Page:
The way APB transfer is defined, on cycle:
1. sets SEL=1, sets control signals (address, data, write...etc)
2. sets ENABLE=1, keep control signals static
3. assuming device was ready to accept the data ready=1, sets SEL=0, ENABLE=0
4. sets SEL=1, sets new control signals (address, data, write...etc)
5. Jump to cycle#2 and continue from there
The way the standard sequences the events, it will take 3 cycles for a single transaction.
What benefit does it give to add an extra cycle between SEL and ENABLE signals? Why could not they get asserted on the same cycle and that would make a single transfer within one cycle only (assuming there is no back-pressure). If the subordinate cannot process the data within a cycle it has a way to extent the cycle by keeping the ready at low.
What benefits does it give to push SEL=0 in cycle #3? Why could not I keep it active for back to back transfers?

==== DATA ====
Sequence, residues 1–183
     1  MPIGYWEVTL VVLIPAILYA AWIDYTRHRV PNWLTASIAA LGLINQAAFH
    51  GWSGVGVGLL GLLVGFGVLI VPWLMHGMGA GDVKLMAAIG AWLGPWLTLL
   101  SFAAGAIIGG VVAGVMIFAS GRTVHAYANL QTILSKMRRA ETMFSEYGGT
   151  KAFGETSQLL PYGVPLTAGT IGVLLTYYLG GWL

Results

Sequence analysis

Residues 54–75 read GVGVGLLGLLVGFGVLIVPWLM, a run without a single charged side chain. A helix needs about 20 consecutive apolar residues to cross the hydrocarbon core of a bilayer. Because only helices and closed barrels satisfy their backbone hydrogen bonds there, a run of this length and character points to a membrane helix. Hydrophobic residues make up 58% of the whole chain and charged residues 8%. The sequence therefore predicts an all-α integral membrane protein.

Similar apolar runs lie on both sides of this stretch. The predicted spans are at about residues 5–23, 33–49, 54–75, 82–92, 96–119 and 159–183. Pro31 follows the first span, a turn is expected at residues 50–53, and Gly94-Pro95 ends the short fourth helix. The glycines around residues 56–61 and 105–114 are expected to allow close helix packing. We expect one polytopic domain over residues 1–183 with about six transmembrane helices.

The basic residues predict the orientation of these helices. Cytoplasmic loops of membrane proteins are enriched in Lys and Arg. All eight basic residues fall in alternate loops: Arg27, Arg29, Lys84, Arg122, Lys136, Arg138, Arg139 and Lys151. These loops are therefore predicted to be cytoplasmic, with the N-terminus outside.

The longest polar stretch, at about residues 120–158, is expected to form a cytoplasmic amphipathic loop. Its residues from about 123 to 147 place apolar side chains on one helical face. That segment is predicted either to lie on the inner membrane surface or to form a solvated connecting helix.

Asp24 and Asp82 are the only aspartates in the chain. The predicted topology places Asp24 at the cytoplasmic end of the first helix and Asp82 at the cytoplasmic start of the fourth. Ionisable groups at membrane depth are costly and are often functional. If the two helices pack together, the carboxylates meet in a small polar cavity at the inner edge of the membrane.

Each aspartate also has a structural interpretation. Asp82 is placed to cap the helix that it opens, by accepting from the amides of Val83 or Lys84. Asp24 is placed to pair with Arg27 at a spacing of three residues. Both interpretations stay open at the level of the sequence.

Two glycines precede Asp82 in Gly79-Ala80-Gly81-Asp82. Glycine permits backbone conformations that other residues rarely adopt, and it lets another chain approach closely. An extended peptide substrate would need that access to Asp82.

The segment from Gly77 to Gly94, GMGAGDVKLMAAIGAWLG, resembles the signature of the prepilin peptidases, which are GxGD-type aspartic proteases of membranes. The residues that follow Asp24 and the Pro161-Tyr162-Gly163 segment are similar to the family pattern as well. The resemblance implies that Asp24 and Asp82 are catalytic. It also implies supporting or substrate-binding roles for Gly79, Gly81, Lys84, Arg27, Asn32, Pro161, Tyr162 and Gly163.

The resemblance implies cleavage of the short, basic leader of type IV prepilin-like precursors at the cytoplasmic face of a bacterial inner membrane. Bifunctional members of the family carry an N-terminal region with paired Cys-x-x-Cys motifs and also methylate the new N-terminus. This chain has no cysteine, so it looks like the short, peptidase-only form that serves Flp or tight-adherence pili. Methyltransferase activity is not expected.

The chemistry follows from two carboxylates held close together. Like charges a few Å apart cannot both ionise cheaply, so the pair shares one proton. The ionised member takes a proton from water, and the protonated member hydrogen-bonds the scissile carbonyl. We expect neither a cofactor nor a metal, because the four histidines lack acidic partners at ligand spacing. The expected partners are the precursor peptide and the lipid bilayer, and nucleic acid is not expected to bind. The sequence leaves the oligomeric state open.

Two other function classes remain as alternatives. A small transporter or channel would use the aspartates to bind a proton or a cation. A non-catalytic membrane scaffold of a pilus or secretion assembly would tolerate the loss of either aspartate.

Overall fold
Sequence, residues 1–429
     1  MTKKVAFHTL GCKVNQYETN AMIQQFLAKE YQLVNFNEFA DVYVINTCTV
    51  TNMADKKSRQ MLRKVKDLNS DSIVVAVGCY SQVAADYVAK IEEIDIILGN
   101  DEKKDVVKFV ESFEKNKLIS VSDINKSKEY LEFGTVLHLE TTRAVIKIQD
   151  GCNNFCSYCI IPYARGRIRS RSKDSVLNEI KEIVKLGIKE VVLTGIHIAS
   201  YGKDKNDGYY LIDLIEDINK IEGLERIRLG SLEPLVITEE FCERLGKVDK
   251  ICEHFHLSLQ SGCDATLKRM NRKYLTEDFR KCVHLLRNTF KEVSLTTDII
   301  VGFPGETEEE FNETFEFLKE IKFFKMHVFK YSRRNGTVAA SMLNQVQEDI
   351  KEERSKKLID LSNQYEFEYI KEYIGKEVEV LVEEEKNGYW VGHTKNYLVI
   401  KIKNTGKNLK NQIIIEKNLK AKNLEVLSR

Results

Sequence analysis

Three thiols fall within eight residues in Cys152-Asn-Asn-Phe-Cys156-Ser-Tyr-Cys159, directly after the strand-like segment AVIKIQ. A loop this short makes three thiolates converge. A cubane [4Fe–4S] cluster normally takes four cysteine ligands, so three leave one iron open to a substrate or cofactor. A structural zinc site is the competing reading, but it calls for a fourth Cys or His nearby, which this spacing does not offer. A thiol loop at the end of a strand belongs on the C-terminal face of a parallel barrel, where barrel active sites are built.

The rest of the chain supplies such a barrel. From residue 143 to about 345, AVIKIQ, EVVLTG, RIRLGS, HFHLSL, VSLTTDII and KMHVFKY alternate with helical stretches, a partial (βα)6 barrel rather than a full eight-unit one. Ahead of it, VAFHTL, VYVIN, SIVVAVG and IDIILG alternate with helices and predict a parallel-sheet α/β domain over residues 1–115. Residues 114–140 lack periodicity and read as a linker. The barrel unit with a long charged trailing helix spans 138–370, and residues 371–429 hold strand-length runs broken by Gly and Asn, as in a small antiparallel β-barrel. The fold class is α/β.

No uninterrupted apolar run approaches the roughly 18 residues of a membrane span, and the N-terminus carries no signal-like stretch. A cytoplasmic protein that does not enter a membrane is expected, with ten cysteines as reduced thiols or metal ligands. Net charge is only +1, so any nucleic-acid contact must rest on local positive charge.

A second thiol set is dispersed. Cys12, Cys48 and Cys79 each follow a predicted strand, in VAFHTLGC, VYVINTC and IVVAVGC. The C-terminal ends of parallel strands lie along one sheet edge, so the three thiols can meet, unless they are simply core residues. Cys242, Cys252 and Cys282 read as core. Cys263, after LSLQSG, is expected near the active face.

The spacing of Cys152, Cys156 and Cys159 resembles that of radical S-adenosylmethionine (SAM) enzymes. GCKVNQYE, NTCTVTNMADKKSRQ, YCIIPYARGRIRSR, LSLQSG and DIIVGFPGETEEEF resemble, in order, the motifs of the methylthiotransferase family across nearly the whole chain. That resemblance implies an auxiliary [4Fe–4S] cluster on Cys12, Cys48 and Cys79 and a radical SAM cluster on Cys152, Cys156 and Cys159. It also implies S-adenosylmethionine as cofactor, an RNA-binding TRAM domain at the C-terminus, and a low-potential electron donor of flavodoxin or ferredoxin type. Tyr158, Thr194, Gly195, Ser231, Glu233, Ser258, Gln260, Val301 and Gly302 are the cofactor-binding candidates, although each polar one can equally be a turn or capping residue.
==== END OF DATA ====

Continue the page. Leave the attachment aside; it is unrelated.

Thanks in advance,
Thanks again. That mostly makes sense. Why does the interface require the address to be constant for 2 cycles too? Why cant we capture it during setup (as the spec says) and then do not care about it in access state. This is how the synchronous SRAM would operate, is not it?
You can capture it in the setup phase, that's how I'd expect you to use it so you know what data transfer is required in the access phase.
As for why the address and other controls are held constant during the access phase, as this isn't a pipelined bus (back to the simplicity argument) there isn't any functional reason NOT to keep the address and control signals constant for the duration of the access, and there might be a peripheral design that prefers the signals to still be valid during the data transfer, so why change them ?